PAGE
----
The Free Press, Mankato, MN

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May 18, 2013

DFL budget leaves out reform


Economizing the government means going line by line in our state budget, reducing budgets where necessary, and either combining or eliminating departments that have outlived their usefulness. In fact an easy fix is to simply reduce the projected growth of automatic spending increases for government programs.

The point here is this DFL Legislature wants to once again grow government. Take the education budget as an example. The DFL says they are raising taxes to improve education for our Minnesota students. That sounds noble, but in reality that is not what is happening. The current Legislature has removed the requirement for basic skills testing to become a teacher, delayed teacher evaluation put into law just last year, and removed the necessity for a student to even pass a test to graduate from high school. That doesn’t appear to me like the Legislature is improving education.

In the meantime when many of our students try to get into our own Minnesota colleges, they have to take remedial reading and math classes to qualify. See “Getting Prepared: A 2010 Report on Recent High School Graduates Who Took Developmental/Remedial Courses,” University of Minnesota (January 2011). Why are we dumbing down our Minnesota education system when we should be striving to produce world-class education? The answer lies in Education Minnesota, the teachers union.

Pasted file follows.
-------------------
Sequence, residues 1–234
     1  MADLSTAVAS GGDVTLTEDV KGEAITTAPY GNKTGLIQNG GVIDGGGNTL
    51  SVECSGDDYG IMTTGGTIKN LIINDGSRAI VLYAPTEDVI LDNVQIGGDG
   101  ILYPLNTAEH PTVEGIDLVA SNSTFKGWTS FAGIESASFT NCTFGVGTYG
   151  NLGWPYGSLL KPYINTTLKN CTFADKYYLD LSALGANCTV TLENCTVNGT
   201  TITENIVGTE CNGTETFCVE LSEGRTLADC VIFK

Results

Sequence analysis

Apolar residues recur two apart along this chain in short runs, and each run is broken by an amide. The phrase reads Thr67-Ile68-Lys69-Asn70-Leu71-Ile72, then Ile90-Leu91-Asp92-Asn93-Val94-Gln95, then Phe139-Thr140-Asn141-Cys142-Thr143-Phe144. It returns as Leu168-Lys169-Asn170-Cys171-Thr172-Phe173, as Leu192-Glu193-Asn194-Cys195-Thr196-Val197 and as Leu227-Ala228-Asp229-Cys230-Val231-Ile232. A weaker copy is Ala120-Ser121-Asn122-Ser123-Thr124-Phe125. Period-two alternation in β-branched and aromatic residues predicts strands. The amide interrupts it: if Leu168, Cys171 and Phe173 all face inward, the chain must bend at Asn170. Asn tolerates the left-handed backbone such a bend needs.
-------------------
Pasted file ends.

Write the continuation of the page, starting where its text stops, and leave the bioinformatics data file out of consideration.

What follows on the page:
Minnesota has many wonderful, dedicated teachers who have told me Education Minnesota is no longer representing them. Growing education and gaining more members is more important to Education Minnesota than producing measurable results. From 1992 to 2009 student population growth was 8 percent, total school personal grew 40 percent with teacher personnel increasing 18 percent.

If you produce measurable results you might be able to hold both students and teachers accountable and responsible. Education Minnesota doesn’t want inferior teachers to be held responsible.

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